[metapost] turningnumber revisited

laurent at math.toronto.edu laurent at math.toronto.edu
Wed Jun 29 09:27:19 CEST 2011

Hi all,

Thanks for many interesting comments. Being a mere
MP digest reader I did not see  most of Tuesday's
posts until visiting the archive this morning. So
there will be more reactions tomorrow.

I asked:

LS> Is anyone able to describe ghostscript's
> algorithm for winding number? I have not seen any
> account of it.

Following a backchannel hint by Dan, I looked at
the PostScript level 3 manual (PLRM of 1999)
available on Internet.  It documents boolean
"insideness-testing" operators letting one enquire
whether one path meets another or lies 'inside' the
another.  PLMR gives a good mathematical definition
of winding number. But as expected there is no
commitment to any algorithm. For a state-of-the-art
algorithm I still hope that the sourcecode of
Ghostscript is a good place to look.

Jacko> Don't they use a variant of a scan-line
 > algorithm? Which, actually, can be regarded as
 > the computing of the winding number for every
 > pixel; the same must happen (I guess), in MF
 > when the weights of pixels are being computed;
 > thus, in both cases, the windingnumber for
 > pixels is implicitly calculated.

Quite likely; I believe that Metafont (in its
prelim version) antedates PostScript. Another
approximate approach sometimes used is to take a
sufficiently close piecewise linear approximation
to the path and use fast linear algebra.  But
todays vector processors probably make the bitmap
approach much faster.

Jacko> supporting Larry, I didn't mean that the
 > turningnumber is useless; we need, as Dan
 > convincingly pointed out, both operations.

No dispute on that. It is also a historical
necessity given Knuth's turningnumber. But somehow
the craziness of the present implemantations of
turning number in MF/MP should be eliminated by MP
(or by MP macros if Taco devotes no time).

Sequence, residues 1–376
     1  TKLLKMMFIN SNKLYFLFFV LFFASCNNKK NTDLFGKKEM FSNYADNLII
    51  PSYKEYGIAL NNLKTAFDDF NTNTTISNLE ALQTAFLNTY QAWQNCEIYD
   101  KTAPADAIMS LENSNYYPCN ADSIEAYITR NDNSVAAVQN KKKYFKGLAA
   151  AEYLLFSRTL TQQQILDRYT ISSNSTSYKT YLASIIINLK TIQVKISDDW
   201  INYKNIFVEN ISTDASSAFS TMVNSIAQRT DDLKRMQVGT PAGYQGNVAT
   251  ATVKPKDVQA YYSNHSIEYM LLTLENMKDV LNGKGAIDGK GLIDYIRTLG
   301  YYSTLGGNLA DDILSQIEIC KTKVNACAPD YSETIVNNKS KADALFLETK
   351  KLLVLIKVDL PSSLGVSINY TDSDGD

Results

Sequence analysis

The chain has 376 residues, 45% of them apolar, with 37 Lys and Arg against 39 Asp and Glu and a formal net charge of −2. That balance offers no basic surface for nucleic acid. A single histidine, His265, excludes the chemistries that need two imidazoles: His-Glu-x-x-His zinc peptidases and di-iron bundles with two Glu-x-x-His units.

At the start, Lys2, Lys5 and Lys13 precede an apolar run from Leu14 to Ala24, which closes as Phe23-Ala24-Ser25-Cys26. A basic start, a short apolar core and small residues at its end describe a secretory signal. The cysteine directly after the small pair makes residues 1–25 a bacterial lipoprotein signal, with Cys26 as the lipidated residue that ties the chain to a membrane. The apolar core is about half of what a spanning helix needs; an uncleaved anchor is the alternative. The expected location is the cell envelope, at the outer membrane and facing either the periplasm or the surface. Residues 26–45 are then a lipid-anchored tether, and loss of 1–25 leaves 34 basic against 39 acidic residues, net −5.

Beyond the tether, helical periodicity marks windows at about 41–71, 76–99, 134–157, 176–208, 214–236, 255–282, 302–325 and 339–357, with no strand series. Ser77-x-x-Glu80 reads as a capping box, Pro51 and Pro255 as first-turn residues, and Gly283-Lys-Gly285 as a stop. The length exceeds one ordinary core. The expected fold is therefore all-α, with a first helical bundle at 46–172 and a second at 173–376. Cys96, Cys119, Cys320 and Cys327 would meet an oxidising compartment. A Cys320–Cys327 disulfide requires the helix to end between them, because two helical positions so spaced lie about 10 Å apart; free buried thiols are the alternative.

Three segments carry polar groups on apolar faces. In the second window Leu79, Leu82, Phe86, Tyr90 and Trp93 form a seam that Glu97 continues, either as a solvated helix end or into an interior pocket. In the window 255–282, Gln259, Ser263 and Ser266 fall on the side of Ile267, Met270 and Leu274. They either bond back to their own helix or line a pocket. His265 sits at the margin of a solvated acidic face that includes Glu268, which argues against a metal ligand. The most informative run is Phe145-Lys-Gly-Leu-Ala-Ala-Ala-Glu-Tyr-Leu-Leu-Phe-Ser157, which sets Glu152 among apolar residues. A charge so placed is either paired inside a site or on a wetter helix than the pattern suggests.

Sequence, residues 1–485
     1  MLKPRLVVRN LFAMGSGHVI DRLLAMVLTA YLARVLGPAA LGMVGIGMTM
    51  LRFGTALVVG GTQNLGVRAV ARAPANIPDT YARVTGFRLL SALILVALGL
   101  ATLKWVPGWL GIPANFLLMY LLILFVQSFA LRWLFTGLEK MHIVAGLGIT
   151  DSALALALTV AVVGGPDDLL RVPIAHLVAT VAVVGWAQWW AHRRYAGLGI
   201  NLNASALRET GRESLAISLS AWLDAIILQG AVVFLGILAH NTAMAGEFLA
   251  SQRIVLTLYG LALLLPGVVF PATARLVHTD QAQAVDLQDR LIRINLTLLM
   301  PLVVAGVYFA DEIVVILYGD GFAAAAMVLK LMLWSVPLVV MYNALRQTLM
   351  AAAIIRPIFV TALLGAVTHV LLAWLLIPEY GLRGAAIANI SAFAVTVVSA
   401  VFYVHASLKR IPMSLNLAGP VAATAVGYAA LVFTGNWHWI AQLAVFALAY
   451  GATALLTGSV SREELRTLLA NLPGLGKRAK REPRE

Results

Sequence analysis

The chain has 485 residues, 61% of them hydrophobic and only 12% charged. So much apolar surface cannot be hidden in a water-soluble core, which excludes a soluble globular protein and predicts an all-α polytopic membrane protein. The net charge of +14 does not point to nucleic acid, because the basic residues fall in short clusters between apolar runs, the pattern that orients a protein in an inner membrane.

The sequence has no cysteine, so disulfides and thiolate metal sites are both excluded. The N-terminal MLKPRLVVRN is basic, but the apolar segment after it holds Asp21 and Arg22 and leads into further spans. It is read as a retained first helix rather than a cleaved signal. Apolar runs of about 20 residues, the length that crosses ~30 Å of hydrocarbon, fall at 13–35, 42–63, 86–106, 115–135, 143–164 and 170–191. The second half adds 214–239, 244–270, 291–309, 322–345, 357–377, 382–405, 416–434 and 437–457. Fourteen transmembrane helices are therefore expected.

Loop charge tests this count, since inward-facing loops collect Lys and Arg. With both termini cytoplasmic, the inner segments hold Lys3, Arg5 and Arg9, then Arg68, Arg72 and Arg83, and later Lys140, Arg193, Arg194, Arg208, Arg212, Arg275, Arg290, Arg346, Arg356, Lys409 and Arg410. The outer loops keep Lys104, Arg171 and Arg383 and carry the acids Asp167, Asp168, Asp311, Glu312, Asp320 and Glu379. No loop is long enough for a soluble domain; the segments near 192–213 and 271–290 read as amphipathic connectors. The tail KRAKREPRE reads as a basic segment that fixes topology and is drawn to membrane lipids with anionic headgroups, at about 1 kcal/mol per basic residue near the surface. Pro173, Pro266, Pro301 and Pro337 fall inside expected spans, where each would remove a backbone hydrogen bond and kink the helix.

Likewise, the unnecessary deviations from the
mathematical turningnumber notion.

Yesterday I defined a class \C of piecewise bezier
paths and gave a certain derivation of turning
number from winding number, one that offers us a
STABLE implementation of turning number in MetaPost
for the class \C.

Jacko finds the class \C too restrictive objecting
to my condition (a) that each bezier component p_i
of a path p in \C  have no point where its velocity
vector is zero.

Jacko> In practice, I believe, you _cannot_
 > impose such severe restrictions.

    Trusting Jacko, I have produced a plan for
dealing coherently with 'robustly cubic cusps', and
also certain 'thorns'; see below.

    I did give a larger class \D (say) of those
continuous cyclic paths p : S^1 --> R^2 that are
locally immersive. And I asserted that the
mathematical notion of turning number is well
defined for p in \D, and well behaved EXCEPT
for some instability phenomena.

One clear definition valid for all of \D runs as
follows. It is a non-trivial theorem (a consequence
of the century-old classical Osgood-Schoenflies
theorem) that any p \in \D can be extended to an
open topological immersion \p : S^1 x (-1,1) -->
R^2 with \p(x,0) = p(x) for x in S^1. Furthermore,
outside of S^1 x 0, the extension \p can be smooth
(= infinitely differentiable) and also nonsingular.
The turning number of p is then by definition equal
to the classical turning number (see Google) of the
smooth and smoothly immersive cyclic path
 \p| S^1 x u ---> R^2, where u is any point in
(-1,1) distinct from 0.

    My definition above of turning number on \D
seems to provide a practical way of dealing with
'robustly cubic' cusp points of bezier curves --
indeed without abandoning the key stability
property that turning number enjoys on \C. When we
have a 'near' cusp in the interior of a bezier
curve namely something that looks locally like:

      . .     [View with a constant width font!]
    .    .
 .          .

up to a certain (hopefully adjustable!) tolerance,
then we can simply assign to the cusp the turning
angle of its infinitesimal immersive
perturbations without double point or cusp,
i.e., looking like

      .  .
    .     .
 .           .

namely angle -180 degrees  when the path
orientation is from west to east, and +180 degrees
when the path orientation is from east to west.
(Naturally I use the math conventions that small
positive angles turn counterclockwise ;) This is
the rule dictated by my very general definition of
turning number on the class \D. I believe that I
can deal similarly with 'robustly cubic' cusps that
are lurking at an end point of a bezier path; I
suspect that such 'semicusps' occur in some fonts.
Likewise with 'thornlike' behavior at the junction
of two bezier paths, with or without hidden
cusp(s). Then, hopefully, the only phenomenon that
will still lead to annoying instability of
turningnumber is 'backtracking' (up to a tolerance)
on one bezier segment by the next bezier segment.


Laurent S.

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